Which Cloud Infrastructure provider allows to install custom appliances via ISO? The short answer is: none of the IaaS market leaders Amazon Web Serviese (AWS), Microsoft Azure offer the requested functionality, but they offer the workaround to locally install the virtual machine (VM) and upload the VM to the cloud. The cheaper alternative DigitalOcean does not offer any of those possibilities.
At the end, I thought I have found the perfect solution to my problem: Ravello Systems a.k.a. Oracle ravello is a meta cloud infrastructure provider (they call it “nested virtualization provider”), which is re-selling the infrastructure from other IaaS providers like Amazon AWS and Google Engine. They offer a portal that supports the installation of a VM from an ISO in the cloud. Details see below. They write:
However, Ravello was ignoring my request for a trial for more than two months.
Ravello’s trial seems to be open for companies only? I even told them that I am about to found my own company, this did not help.
If you are representing a large company and if you are offering them a prospect to earn a lot of money, they might be reacting differently in your case, though. Good luck.
I am back at installing the image locally and uploading it to Amazon AWS. Maybe this is the cheaper alternative, anyway. I am back at the bright side of life…
At the end, after more than 2 months, I have got the activation link. The ISO Upload tool has some challenges with HTTP proxies, but is seems to work now.
v1.0 (2016-03-14): initially published version
v1.1 (2016-03-21): added a note on ravello’s nested virtualization solution, which makes the solution suitable for VMware testing on public non-VMware clouds
v1.2 (2016-03-23): added a note of my problems of getting a trial account; I have created a service ticket.
v1.3 (2016-03-30): Ravello has chosen to close my ticket without helping me. I am looking for alternatives.
v1.4 (2016-04-09): After I have complained about the closed ticket, they wrote a note that they are sorry on 2016-03-30. However, I have still not got an account. I have sent a new email asking for the status today.
v1.5 (2016-05-25): I have received an activation link on May, 11th. It has taken more than 2 months to get it. I am not sure, if I am still interested…
The Use Case
Integration of high tech systems with legacy systems is fun. At least, it is fun, if you have easy access from you development machine to the legacy systems. In my case, I was lucky enough: the legacy systems I am dealing with are modern communication systems that can be run on VMware. Using a two year old software version of the system, I have run the legacy system on my development machine. With that I could run my integration software against the real target system.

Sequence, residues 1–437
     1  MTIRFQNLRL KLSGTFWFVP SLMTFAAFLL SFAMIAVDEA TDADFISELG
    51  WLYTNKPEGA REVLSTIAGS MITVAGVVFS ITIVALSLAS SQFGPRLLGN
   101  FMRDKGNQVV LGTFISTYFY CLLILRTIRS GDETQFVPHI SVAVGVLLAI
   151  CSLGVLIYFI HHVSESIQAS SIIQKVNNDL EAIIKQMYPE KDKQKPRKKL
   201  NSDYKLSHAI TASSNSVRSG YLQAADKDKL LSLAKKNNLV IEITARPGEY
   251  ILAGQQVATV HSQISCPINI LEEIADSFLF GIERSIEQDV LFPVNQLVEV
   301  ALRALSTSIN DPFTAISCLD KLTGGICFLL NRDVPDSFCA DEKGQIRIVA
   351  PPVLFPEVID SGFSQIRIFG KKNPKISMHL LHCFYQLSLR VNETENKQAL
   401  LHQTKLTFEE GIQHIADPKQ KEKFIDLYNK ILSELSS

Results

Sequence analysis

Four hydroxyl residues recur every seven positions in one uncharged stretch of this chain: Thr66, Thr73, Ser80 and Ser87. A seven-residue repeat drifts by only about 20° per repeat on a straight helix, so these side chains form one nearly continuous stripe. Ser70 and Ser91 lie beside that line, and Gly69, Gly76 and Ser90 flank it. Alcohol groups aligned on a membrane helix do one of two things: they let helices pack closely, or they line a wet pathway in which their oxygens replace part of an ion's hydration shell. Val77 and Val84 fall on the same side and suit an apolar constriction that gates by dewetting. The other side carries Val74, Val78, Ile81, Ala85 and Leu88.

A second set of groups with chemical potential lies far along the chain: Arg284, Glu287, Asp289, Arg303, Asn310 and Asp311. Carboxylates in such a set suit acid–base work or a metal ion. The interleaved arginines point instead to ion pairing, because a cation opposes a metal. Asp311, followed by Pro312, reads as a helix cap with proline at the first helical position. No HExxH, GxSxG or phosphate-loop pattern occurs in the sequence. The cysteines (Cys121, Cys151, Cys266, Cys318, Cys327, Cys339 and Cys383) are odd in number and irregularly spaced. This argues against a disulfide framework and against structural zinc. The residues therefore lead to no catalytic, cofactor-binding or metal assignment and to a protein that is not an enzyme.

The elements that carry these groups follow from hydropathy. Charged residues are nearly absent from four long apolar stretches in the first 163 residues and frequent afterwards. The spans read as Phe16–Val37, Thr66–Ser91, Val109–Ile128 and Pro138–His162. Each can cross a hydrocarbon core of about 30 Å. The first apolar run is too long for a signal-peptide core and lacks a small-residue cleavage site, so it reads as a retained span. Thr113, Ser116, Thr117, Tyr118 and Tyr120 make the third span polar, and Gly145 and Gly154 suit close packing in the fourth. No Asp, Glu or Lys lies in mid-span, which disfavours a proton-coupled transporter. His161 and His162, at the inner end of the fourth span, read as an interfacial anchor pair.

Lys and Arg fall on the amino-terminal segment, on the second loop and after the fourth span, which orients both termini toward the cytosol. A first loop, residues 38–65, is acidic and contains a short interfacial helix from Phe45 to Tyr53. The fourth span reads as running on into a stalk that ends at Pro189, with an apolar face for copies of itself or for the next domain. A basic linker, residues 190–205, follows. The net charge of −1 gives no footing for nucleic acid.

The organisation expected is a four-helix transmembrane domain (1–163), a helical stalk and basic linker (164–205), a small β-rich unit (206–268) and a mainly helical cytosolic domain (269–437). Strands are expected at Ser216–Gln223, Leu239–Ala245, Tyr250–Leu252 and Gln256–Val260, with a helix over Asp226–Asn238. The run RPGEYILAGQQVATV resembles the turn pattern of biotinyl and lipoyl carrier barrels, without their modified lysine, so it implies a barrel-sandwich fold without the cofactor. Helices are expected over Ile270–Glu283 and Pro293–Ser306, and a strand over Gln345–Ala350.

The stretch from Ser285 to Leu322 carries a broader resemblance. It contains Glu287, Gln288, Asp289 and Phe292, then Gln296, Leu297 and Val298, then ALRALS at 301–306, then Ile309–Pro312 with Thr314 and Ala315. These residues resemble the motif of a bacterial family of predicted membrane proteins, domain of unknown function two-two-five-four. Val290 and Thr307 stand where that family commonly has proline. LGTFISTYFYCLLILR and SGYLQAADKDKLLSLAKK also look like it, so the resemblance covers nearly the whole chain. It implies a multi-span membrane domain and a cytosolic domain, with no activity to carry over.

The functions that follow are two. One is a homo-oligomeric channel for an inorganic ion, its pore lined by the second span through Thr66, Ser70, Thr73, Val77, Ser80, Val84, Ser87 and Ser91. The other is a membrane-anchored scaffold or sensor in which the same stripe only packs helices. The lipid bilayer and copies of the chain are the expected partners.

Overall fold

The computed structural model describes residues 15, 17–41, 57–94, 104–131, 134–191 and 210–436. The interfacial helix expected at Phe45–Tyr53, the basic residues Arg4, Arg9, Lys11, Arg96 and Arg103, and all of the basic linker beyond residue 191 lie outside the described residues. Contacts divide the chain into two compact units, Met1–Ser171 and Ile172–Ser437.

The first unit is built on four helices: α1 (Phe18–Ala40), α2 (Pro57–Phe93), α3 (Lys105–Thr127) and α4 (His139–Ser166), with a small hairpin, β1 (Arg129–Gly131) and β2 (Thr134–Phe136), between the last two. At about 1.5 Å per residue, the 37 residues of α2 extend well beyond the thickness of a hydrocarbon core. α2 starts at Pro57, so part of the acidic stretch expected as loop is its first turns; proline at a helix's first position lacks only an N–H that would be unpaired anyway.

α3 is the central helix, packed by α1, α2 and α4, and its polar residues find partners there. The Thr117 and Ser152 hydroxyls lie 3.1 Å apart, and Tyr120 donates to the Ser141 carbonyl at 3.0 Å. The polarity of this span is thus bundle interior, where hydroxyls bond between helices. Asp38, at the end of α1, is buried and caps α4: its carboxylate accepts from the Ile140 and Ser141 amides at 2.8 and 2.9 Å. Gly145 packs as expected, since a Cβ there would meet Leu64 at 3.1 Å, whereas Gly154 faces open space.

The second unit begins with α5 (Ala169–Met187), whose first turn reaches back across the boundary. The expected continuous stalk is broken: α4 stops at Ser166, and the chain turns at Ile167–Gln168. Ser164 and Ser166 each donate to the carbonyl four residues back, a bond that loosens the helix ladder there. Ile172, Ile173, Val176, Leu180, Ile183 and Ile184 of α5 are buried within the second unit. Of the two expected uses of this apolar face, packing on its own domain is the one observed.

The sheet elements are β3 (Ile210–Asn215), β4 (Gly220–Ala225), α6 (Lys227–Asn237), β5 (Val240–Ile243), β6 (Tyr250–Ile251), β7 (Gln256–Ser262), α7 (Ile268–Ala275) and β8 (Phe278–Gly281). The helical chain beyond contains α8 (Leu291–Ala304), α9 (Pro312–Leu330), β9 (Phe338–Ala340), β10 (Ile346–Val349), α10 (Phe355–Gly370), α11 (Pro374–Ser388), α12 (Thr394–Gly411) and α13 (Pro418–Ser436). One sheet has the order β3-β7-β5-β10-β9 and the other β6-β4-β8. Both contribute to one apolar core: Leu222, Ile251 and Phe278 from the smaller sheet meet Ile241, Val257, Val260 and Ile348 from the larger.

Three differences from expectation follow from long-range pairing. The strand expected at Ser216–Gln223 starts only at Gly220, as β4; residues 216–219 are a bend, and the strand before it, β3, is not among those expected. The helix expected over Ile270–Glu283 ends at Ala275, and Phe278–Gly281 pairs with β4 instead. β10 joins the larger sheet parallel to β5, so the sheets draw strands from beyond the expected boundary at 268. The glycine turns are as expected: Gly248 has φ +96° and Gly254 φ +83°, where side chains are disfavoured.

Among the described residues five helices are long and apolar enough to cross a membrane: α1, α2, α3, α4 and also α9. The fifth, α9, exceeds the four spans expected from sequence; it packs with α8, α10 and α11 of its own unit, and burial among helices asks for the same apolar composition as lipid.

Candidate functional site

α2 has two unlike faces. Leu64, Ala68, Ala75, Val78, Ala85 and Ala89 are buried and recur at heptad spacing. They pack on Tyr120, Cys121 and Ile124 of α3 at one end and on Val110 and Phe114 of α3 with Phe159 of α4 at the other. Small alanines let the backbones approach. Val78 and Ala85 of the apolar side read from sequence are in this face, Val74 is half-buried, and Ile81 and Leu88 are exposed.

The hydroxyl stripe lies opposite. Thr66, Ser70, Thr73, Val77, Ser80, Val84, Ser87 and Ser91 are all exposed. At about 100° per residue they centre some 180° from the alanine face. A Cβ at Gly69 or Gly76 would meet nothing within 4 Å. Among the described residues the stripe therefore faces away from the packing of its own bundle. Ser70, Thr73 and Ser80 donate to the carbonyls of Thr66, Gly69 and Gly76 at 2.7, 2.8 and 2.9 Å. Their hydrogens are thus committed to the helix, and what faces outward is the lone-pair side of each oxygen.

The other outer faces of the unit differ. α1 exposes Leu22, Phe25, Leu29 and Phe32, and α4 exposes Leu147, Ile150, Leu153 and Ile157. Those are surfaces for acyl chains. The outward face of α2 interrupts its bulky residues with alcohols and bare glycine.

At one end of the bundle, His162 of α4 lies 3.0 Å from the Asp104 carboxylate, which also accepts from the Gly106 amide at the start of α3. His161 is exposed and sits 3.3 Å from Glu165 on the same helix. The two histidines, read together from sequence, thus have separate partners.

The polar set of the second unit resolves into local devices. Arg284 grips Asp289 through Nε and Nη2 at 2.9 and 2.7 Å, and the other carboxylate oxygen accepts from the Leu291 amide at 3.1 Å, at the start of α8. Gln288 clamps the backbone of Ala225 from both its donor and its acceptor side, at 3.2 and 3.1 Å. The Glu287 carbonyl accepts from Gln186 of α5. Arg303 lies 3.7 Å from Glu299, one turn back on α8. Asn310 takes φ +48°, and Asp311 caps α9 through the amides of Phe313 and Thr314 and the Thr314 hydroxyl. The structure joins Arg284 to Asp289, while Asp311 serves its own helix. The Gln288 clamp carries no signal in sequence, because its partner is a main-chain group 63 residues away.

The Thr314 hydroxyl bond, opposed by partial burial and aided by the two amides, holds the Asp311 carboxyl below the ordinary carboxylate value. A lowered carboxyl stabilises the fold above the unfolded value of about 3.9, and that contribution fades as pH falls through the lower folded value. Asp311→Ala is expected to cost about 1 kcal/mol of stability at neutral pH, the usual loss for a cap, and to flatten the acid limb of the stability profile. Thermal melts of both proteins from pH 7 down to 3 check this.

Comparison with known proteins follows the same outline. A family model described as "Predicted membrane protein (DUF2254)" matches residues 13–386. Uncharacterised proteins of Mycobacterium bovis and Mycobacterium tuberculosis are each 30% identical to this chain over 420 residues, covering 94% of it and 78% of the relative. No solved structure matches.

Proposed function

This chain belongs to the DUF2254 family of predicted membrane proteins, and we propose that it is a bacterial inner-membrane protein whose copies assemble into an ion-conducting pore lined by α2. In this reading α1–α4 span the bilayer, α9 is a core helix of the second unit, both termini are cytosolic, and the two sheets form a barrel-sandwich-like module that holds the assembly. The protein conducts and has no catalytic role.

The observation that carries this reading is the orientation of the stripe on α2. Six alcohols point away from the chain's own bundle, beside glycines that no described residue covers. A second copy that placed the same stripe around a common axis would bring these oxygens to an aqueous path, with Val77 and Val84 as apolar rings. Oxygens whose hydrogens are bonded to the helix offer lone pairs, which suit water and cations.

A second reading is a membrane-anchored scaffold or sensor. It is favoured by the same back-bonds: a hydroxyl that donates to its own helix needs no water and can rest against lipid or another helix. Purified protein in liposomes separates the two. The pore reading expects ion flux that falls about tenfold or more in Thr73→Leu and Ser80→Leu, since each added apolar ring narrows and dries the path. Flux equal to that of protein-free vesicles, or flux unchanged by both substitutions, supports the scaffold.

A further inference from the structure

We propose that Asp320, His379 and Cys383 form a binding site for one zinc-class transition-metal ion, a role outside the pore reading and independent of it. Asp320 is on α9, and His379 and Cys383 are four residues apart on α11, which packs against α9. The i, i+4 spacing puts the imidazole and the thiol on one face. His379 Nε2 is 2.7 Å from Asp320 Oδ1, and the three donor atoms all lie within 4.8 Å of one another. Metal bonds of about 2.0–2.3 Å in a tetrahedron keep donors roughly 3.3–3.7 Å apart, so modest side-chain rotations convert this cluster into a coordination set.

But why have I used a two year old software version of the legacy system? That is, why: the most recent versions of that system have such a high demand on the virtual resources (vCPU, DRAM) that it has outgrown my development machine: it was quite a bit…
How to deal with this? Some thoughts of mine are:
- I could buy a new notebook with, say 64 GB RAM.
- this is an expensive option. Moreover, I am a road warrior type of developer and do a lot of coding in the train. Most notebooks with 64GB RAM are bulky and heavy and you need to take a power plant with you if you do not want to run out of energy during your trip.
- I could develop a lightweight simulator that is mocking the behavior of the legacy system.
- In the long run, I need to do something along those lines anyway: I want to come closer to Continuous Integration+Deployment process and for the automated tests in the CI/CD system, it is much simpler to run a simulator as part of the software than to run the tests against bulky legacy systems.
- I could develop and test (including integration tests) in the IaaS cloud.
The Cloud Way of Providing a Test Environment
Yes, the IaaS cloud option is a particularly interesting one; especially, if development is done as a side job because:
- I need to pay only for resources I use.
- For most functional tests, I do not need full performance. I can go with cheaper, shared resources.
- I can pimp up the legacy system and reserve resources for performance tests, while freeing up the resources again after finish of the test.
- Last but not least, I am a cloud evangelist and therefore I should eat my own dog food (or drink my own champagne, I hope).
However: which are the potential challenges?
- Installation challenges of the legacy system in the cloud.
- How much do you pay for the VM, if it is shut down? Open Topic, but will not (yet) investigated in this blog post.
- How long does it take from opening the lid of the development notebook until I can access the legacy system? Open Topic, but will not (yet) investigated in this blog post.
First things first: in this post, I will concentrate on challenge 1.
The Cloud Way of installing (a custom appliance from ISO)
In my case, the legacy system must be installed from ISO. From my first investigation, it seems that this is a challenge with many IaaS providers. Let us have a closer look:
Comparison of IaaS Providers
- DigitalOcean: they do not support the installation from ISO. See this forum post.
- there is no workaround like local installation and upload of the image, see here. Shoot. 😦
- AWS: same thing: no ISO installation support.
- For AWS, the workaround is to install the system locally and to upload and convert the VM. See this stackoverflow post.
One moment: didn’t I say the legacy system is too large for my notebook? Not a good option. 😦
- Another workaround for AWS is to use a nested virtualization provider like ravello systems: they claim here that the installation of an AWS image from ISO is no problem.
Note: ravello’s nested virtualization solution places an additional Hypervisor on top of AWS’ XEN hypervisor, in order to run VMware VMs on public clouds that do not support VMware VMs natively. This will not increase the performance, though and is intended for test environments only. However, this is exactly, what I am aiming at (for now).
- For AWS, the workaround is to install the system locally and to upload and convert the VM. See this stackoverflow post.
Ravello claims: “With Ravello, uploading an ISO file is as simple as uploading your files to dropbox. Once the file is in your library in Ravello simply add the CD-ROM device to your VM and select your customer ISO file from your library.”
- Microsoft Azure: not fully clear…
- I have found here the information that an ISO can be attached to an existing VM. I do not know, though, whether or not the VM can be installed from the ISO by booting from ISO.
- you can create a local image in VHD format and upload it to the cloud. However, the only (convenient) way to create this image is to install the VM on Hyper-V. I do not have access to Hyper-V and I do not want to spend any time on this for now. 😦
Among those options, it seems like only AWS and ravello are possible feasible for me.